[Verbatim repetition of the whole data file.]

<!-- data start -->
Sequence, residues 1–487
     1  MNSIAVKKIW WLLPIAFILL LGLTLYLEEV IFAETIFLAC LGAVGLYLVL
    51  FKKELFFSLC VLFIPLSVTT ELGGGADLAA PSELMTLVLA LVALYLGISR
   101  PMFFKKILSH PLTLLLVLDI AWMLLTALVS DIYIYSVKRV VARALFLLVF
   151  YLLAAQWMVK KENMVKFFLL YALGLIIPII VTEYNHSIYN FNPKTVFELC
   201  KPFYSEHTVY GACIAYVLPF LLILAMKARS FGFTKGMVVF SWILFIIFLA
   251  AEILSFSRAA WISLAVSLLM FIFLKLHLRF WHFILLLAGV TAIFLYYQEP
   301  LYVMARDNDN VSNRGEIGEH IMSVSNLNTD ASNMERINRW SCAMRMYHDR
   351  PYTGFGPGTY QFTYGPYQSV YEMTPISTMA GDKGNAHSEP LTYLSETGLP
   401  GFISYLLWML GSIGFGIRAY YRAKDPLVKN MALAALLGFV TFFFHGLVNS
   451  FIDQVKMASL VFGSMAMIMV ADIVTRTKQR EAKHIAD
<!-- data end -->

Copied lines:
Sequence, residues 1–487
     1  MNSIAVKKIW WLLPIAFILL LGLTLYLEEV IFAETIFLAC LGAVGLYLVL
    51  FKKELFFSLC VLFIPLSVTT ELGGGADLAA PSELMTLVLA LVALYLGISR
   101  PMFFKKILSH PLTLLLVLDI AWMLLTALVS DIYIYSVKRV VARALFLLVF
   151  YLLAAQWMVK KENMVKFFLL YALGLIIPII VTEYNHSIYN FNPKTVFELC
   201  KPFYSEHTVY GACIAYVLPF LLILAMKARS FGFTKGMVVF SWILFIIFLA
   251  AEILSFSRAA WISLAVSLLM FIFLKLHLRF WHFILLLAGV TAIFLYYQEP
   301  LYVMARDNDN VSNRGEIGEH IMSVSNLNTD ASNMERINRW SCAMRMYHDR
   351  PYTGFGPGTY QFTYGPYQSV YEMTPISTMA GDKGNAHSEP LTYLSETGLP
   401  GFISYLLWML GSIGFGIRAY YRAKDPLVKN MALAALLGFV TFFFHGLVNS
   451  FIDQVKMASL VFGSMAMIMV ADIVTRTKQR EAKHIAD